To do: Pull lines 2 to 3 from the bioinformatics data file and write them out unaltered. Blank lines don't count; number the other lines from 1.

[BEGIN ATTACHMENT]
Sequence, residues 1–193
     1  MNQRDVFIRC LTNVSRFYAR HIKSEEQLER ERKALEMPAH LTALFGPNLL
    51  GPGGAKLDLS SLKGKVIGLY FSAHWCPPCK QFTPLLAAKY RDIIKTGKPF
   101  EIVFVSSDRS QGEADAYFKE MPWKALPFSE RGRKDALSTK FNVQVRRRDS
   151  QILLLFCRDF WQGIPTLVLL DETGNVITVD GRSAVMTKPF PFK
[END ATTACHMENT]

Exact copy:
     1  MNQRDVFIRC LTNVSRFYAR HIKSEEQLER ERKALEMPAH LTALFGPNLL
    51  GPGGAKLDLS SLKGKVIGLY FSAHWCPPCK QFTPLLAAKY RDIIKTGKPF